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Cervical conization and lymph node assessment for early stage low-risk cervical cancer
  1. Andra Nica1,
  2. Zbigniew Marchocki2,
  3. Lilian T Gien3,
  4. Rachel Kupets3,
  5. Danielle Vicus3 and
  6. Allan Covens3
  1. 1 Division of Gynecologic Oncology, University of Toronto, Toronto, Ontario, Canada
  2. 2 Gynecologic Oncology, University Health Network, Toronto, Ontario, Canada
  3. 3 Gynecologic Oncology, Odette Cancer Centre, Toronto, Ontario, Canada
  1. Correspondence to Dr Allan Covens, Gynecologic Oncology, Toronto Sunnybrook Regional Cancer Center, Toronto, ON M4N 3M3, Canada; al.covens{at}sunnybrook.ca

Abstract

Objective There has been a contemporary shift in clinical practice towards tailoring treatment in patients with early cervical cancer and low-risk features to non-radical surgery. The objective of this study was to evaluate the oncologic, fertility, and obstetric outcomes after cervical conization and sentinel lymph node (SLN) biopsy in patients with early stage low-risk cervical cancer.

Methods We conducted a retrospective review in patients with early cervical cancer treated with cervical conization and lymph node assessment between November 2008 and February 2020. Eligibility criteria included patients with a histologic diagnosis of invasive squamous cell carcinoma, adenocarcinoma or adenosquamous carcinoma, International Federation of Gynecology and Obstetrics 2009 stage IA1 with positive lymphovascular space invasion (LVSI), stage IA2, or stage IB1 (≤2 cm) with less than two-thirds (<10 mm) cervical stromal invasion.

Results A total of 44 patients were included in the analysis. The median age was 31 years (range 19–61) and 20 patients (45%) were nulliparous. One patient had a 25 mm tumor while the remaining patients had tumors smaller than 20 mm. Eighteen (41%) patients had LVSI. Median follow-up was 44 months (range 6–137). A total of 17 (39%) patients had negative margins on the diagnostic excisional procedure, and none had residual disease on the repeat cone biopsy. Three (6.8%) patients had micrometastases detected in the SLNs and underwent ipsilateral lymphadenectomy; all remaining non-SLN lymph nodes were negative. Six (13.6%) patients required more definitive surgical or adjuvant treatment due to high-risk pathologic features. There were no recurrences documented. Three patients developed cervical stenosis. The live birth rate was 85% and 16 (94%) of 17 patients had live births at term.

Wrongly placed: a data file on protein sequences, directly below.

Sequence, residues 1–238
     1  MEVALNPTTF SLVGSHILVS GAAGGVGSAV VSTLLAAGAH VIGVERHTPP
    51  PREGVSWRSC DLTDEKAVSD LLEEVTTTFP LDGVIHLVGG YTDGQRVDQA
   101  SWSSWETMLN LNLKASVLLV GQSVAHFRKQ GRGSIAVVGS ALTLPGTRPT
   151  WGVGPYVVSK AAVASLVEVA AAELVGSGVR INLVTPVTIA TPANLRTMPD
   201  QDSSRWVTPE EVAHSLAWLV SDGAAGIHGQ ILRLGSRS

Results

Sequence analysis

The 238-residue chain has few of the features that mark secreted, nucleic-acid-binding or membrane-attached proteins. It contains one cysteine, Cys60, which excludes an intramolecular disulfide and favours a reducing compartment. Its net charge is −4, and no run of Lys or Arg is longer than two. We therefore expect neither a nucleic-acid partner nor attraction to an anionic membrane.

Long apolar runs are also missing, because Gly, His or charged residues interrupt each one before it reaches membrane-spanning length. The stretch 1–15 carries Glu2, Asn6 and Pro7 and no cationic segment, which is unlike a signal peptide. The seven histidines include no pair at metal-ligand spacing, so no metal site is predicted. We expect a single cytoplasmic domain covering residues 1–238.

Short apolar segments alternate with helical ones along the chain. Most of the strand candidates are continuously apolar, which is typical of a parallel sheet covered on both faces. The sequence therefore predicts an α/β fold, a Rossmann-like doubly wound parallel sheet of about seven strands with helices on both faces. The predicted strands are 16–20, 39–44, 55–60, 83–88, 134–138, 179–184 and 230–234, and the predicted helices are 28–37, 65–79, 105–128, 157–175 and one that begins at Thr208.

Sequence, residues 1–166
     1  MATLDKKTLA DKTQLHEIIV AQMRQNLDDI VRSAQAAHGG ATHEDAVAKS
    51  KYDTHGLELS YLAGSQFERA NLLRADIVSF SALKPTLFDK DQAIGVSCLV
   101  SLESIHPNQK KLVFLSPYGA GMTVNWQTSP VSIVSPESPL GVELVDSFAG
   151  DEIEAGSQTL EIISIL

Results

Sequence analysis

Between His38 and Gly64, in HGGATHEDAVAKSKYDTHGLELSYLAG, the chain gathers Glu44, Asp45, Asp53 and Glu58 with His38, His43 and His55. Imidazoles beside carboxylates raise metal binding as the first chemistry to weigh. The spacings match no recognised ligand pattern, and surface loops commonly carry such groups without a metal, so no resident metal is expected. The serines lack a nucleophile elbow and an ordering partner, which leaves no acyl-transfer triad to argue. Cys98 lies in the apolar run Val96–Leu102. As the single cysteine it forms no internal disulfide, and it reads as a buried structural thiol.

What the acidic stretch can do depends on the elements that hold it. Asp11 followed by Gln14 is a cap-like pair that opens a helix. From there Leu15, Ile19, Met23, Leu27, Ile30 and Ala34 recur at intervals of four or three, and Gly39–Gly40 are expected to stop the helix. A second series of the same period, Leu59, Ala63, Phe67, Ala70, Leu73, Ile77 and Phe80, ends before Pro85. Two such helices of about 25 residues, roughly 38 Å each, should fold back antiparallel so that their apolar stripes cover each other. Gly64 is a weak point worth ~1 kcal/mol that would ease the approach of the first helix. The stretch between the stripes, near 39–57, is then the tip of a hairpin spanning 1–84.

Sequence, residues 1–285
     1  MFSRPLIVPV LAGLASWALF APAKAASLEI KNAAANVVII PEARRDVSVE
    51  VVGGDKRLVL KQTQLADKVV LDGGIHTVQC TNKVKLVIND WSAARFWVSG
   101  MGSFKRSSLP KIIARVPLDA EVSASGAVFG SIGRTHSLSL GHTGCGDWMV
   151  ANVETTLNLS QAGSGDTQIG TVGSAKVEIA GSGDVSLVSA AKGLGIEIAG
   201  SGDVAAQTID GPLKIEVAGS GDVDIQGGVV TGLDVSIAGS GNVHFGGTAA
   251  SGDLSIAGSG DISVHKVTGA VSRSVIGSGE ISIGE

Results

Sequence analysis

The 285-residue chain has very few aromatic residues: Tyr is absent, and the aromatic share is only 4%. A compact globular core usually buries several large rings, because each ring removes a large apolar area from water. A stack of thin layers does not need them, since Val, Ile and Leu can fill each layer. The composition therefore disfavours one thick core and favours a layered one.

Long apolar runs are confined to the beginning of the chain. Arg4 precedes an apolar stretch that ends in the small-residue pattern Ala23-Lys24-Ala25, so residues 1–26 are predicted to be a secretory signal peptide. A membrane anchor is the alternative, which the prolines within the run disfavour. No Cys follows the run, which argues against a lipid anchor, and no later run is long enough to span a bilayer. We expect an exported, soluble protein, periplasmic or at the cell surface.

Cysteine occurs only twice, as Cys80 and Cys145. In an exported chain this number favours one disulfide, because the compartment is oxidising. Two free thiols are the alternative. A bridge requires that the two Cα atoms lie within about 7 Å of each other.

Conclusion Cervical conization with SLN biopsy appears to be a safe treatment option in selected patients with early cervical cancer. Future results of prospective trials may shed definitive light on fertility-sparing options in this group of patients.

  • cervix uteri
  • surgical procedures
  • operative
  • uterine cervical neoplasms
  • gynecologic surgical procedures

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Footnotes

  • Contributors AN performed data collection, analysis and wrote the manuscript. ZM performed data collection. LTG, RK, and DV were involved in the surgical treatment of patients and manuscript editing. AC is the senior author, involved in the surgical treatment of patients, and also responsible for the study idea, and for supervising data collection, analysis, and manuscript editing.

  • Funding The authors have not declared a specific grant for this research from any funding agency in the public, commercial or not-for-profit sectors.

  • Competing interests None declared.

  • Patient consent for publication Not required.

  • Provenance and peer review Commissioned; externally peer reviewed.

  • Data availability statement Data are available upon reasonable request. In accordance with the journal’s guidelines, we will provide our data for the reproducibility of this study in other centers if such is requested.

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